‘Shadow and Bone’ review: Netflix’s compelling, fantastical welcome to the Grishaverse

From Alina’s childhood memories of Keramzin to the menacing Fold that pervades the characters’ lives, the first few moments of Netflix’s Shadow and Bone makes it clear that this show not only understands the source material but has successfully elevated and enhanced the characters and overall world. The series, like the books it’s based on, is compelling and propulsive, taking viewers on remarkably human and fantastical eight-episode journey.

Shadow and Bone is set in a world at war. For Ravka, a fragile country inspired by Czarist Russia, hope for its people exists in the destruction of the Shadow Fold, a swath of terrible and deadly darkness that has split the country in two. Ravka depends on its Grisha—elite soldiers with powers from their practice the Small Sciences. Their abilities shift and manipulate matter to protect them and keep the darkness at bay.

The country needs a miracle and one that General Kirigan (Ben Barnes), leader of the Grisha, is desperate to provide. When army cartographer, Alina Starkov (Jessie Mei Li) enters the Shadow Fold along with her best friend and tracker, Mal Oretsev (Archie Renaux), her power—the ability to summon light—saves them from the Fold’s deadly pterodactyl-like Volcra.

Alina finds out that she is a Sun Summoner, the rarest of Grisha and equal only to General Kirigan, as a Shadow Summoner. Together, he tells her, they can banish the Fold and save Ravka.

Soon, Alina is whisked off to the Little Palace, the most secure place in all of Ravka, where she will be trained on how to defend herself and how to wield her power. Isolated and alone, Alina struggles to gain control over her power with the help of Baghra (Zoë Wanamaker), a Grisha trainer. At the heart of her struggle is the denial of the gift, just another thing that makes her an “other” and apart from Mal, the boy she grew up with at the orphanage in Keramzin.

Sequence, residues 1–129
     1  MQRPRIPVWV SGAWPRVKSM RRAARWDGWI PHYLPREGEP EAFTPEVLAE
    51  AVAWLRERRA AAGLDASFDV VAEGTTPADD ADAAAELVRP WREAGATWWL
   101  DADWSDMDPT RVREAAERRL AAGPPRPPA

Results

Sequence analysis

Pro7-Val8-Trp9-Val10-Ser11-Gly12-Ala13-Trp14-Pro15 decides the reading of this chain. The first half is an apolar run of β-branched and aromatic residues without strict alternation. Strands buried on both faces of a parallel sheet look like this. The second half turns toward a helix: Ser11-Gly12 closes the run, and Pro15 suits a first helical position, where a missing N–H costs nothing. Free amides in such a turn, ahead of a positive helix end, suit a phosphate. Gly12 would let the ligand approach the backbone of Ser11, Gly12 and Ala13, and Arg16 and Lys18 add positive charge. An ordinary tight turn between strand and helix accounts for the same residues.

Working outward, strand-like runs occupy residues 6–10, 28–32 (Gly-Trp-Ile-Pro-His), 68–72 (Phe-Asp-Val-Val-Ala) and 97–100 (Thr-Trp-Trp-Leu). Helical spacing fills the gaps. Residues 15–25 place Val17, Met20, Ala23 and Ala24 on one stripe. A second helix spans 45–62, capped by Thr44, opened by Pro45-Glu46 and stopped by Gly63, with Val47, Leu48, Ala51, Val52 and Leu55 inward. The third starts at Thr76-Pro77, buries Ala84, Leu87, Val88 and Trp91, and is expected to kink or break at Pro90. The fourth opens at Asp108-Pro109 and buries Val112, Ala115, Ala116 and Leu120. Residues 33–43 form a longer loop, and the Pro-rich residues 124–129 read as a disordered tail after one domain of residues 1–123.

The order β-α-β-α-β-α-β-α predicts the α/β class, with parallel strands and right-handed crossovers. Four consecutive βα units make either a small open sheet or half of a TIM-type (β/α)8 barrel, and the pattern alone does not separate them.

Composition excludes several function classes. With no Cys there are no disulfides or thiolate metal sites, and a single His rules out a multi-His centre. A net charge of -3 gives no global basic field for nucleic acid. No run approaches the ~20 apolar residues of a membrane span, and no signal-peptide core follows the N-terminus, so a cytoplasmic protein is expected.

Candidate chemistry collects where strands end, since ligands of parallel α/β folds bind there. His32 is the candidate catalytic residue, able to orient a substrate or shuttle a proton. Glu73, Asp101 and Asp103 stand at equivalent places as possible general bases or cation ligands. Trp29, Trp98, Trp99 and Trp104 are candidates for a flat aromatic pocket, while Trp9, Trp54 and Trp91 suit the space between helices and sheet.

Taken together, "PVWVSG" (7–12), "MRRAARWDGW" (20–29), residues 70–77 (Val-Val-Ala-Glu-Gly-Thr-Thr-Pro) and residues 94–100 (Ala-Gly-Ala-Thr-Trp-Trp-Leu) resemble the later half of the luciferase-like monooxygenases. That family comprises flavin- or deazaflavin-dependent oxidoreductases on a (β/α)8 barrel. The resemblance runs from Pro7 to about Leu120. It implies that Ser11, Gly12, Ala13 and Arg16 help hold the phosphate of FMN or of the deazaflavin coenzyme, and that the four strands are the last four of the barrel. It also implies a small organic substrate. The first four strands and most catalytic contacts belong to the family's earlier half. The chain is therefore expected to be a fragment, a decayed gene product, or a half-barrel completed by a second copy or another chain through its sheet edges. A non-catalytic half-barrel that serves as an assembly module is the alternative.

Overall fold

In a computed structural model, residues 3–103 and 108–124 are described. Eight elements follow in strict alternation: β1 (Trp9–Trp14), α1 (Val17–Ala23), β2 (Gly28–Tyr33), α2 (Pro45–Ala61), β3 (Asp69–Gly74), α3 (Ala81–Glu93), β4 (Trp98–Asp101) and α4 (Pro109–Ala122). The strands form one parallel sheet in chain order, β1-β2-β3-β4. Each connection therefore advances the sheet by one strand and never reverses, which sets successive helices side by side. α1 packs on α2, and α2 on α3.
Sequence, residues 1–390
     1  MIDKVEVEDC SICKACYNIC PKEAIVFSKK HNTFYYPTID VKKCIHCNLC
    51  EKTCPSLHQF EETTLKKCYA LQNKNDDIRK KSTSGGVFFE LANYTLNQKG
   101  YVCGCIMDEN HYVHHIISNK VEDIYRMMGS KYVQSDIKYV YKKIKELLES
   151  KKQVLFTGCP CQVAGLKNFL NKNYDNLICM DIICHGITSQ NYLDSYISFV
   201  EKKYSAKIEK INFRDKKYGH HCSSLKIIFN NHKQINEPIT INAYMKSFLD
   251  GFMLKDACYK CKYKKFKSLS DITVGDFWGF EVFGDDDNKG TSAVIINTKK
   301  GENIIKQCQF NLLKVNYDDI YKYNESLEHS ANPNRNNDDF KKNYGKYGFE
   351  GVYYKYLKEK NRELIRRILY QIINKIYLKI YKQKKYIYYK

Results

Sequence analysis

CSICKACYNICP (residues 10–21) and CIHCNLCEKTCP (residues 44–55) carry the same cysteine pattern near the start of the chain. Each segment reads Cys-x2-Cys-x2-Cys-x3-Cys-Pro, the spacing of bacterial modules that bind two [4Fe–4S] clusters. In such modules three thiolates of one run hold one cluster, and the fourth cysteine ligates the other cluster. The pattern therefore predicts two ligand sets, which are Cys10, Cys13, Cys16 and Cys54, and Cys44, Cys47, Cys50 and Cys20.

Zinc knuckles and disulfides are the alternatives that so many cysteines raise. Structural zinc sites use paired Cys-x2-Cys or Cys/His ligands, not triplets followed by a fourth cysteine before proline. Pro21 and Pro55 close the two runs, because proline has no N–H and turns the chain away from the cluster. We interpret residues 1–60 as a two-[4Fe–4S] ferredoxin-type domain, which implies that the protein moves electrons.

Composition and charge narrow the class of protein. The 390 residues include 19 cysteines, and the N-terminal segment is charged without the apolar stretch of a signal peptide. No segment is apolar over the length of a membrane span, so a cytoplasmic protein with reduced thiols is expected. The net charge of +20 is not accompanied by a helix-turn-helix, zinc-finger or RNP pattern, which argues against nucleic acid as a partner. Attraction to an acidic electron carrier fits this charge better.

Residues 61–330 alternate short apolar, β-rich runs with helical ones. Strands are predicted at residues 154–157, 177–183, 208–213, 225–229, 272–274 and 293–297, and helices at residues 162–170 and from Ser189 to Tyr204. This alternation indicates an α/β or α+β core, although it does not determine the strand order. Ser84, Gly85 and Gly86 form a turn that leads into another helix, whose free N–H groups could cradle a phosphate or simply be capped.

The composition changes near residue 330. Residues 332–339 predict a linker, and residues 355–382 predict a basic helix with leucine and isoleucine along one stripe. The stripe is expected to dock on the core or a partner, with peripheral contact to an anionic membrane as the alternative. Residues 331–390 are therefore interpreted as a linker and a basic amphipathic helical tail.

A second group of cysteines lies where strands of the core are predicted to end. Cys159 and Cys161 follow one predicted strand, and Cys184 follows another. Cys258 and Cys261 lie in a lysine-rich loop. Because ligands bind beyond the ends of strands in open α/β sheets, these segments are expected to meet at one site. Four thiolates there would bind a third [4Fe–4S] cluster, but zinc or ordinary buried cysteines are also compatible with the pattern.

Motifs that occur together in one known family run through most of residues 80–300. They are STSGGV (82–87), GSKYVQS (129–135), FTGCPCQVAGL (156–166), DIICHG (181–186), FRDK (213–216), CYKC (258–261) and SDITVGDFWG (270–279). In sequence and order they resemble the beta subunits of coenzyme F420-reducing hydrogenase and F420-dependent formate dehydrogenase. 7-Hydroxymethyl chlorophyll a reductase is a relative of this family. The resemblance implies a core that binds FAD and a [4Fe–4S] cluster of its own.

Parallel to Alina and Mal’s story, viewers are introduced to a motley crew of con-artists, thieves, and sharp-shooters in a city called Ketterdam, in a country bordering Ravka’s western border. The gang is made up of the brilliant and ruthless Kaz Brekker (Freddy Carter), the loyal and masterful, Inej (Amita Suman), also known as the Wraith, and brilliant and delightful sharpshooter, Jesper (Kit Young).

Viewers also meet Grisha Nina Zenik (Danielle Galligan) and a Fjerdan witch-hunter known as a Druskelle, Matthias Helvar (Calahan Skogman), who must work together to survive after a shipwreck, despite being mortal enemies. We’re given less time with these two then the others across the eight episodes, but their storyline is intriguing and ties in well to the overall narrative.

Though I was initially skeptical of how the two book series—Shadow and Bone and Six of Crows—would come together, I was pleasantly surprised by how they seamlessly blended both casts of characters. The story shifted into a plausible melding of the timelines and one that new viewers and established fans can both appreciate. The pacing of the narratives also perfectly built up to the final inevitable confrontations that made the wait more than worth it.



Soon after the title card, in the first scenes, we learn of two things: that this world is full of darkness and that Alina is considered and sees herself as an outsider. “I’ve never been welcome here,” she says of Ravka. “I looked like my mother and she looked like the enemy.” Alina is part Shu, one of Ravka’s bordering countries that they are in conflict with. Her features are remarked upon often, and I thought this was a timely, if too real and upsetting commentary. Even in a fantasy world where Grisha maintain power over matter and the elements, racism persists in all its ugliness.